This article is designed to give tips to readers about how they can improve or augment actions in their life to have a healthy lifestyle; it is not meant to be all inclusive but will include major components that are considered to be parts of a lifestyle that lead to good health. In addition to the tips about what people should do for healthy living, the article will mention some of the tips about avoiding actions (the don'ts) that lead to unhealthy living.

A low carbohydrate diet, high MUFA diet, high carbohydrate-low GI diet, high carbohydrate-low GI diet plus intensive support or nurse support, and low CHO / Pro diet have no major effects on the maintenance of weight loss in comparison with a low-fat diet, high protein-low GI diet, high MUFA diet plus intensive support or nurse support, and high CHO / Pro diet, respectively.[18,19,20,21]
Choose your splurges. Sometimes you’ll be faced with indulgent foods in the moment, say, at a family event or  social get-together. Strive to differentiate between your everyday foods and your indulgences, and then determine which splurges will be most satisfying. Couples may want to talk about this decision at dinner and choose either a dessert or an alcoholic beverage, but not both.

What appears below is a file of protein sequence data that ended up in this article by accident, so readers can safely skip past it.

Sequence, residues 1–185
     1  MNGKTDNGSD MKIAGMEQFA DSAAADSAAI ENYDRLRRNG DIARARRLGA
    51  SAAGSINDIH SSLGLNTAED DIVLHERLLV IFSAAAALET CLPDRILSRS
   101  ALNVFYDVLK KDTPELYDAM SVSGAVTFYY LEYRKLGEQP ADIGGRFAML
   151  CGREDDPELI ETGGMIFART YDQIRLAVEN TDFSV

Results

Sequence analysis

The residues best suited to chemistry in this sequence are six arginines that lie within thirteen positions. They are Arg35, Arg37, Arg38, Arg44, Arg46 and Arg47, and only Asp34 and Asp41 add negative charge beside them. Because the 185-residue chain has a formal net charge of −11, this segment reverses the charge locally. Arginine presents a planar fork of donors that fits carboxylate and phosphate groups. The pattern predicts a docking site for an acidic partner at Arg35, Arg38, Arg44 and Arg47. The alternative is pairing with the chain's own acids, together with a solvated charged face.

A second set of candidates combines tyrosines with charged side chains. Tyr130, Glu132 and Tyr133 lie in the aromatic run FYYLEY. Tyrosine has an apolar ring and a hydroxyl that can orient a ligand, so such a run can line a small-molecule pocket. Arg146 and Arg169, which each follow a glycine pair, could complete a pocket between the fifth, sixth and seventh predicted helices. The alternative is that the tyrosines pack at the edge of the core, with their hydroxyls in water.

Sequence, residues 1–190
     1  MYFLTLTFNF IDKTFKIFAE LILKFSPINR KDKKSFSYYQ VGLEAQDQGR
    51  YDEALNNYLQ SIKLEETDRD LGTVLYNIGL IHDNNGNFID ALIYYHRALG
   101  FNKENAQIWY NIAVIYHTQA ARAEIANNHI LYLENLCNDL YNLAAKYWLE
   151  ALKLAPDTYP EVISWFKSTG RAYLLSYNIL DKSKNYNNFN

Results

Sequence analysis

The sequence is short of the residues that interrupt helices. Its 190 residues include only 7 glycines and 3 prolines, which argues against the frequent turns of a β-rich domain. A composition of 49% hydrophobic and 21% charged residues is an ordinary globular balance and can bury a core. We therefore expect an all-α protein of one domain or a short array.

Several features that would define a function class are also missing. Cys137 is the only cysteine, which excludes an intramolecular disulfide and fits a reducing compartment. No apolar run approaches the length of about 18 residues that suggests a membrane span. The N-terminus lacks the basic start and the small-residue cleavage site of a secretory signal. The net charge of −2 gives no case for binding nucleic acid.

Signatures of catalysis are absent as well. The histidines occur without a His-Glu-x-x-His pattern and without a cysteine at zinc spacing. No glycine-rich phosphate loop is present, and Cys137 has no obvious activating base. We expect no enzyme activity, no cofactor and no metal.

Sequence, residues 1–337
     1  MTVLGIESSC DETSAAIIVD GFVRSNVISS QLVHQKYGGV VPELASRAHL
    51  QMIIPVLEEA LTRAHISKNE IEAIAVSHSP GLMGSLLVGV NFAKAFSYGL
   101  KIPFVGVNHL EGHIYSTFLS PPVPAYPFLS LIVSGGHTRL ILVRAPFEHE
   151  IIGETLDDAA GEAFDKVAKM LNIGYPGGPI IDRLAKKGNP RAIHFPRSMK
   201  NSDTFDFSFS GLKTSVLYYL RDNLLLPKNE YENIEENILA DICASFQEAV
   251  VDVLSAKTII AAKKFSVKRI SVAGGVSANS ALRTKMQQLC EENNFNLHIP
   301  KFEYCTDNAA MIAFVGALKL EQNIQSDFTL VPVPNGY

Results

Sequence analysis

Health.com is part of the Meredith Health Group. All rights reserved. The material in this site is intended to be of general informational use and is not intended to constitute medical advice, probable diagnosis, or recommended treatments. All products and services featured are selected by our editors. Health.com may receive compensation for some links to products and services on this website. Offers may be subject to change without notice. See the Terms of Service and Privacy Policy (Your California Rights)for more information. Ad Choices | EU Data Subject Requests
Carolyn, agree completely, a plant-based Mediterranean style diet is the best diet for health. That includes some whole grains, ideally in intact form (such as farro, quinoa, and brown rice), some healthy proteins and fats (legumes, nuts, seeds, fish, chicken), and mostly fruits and veggies. Refined grains, like white flour and sugar, and everything made from them (bread, pastas, backed goods, cereals, et cetera) are the real culprit.
I’ve been completely natural for about 5 months and I am having the hardest time adjusting. Where i live thereare not to many ethnic hair stylists and there is not to many thing i know how to do with my hair. With me being in the military there are only so many things i am allowed to do in uniform. I just experienced a bit of breakage on a mini trip and have been using castor oil to nurse it back to health. i need help keeping my hair healthy, especially since im away from home ALOT.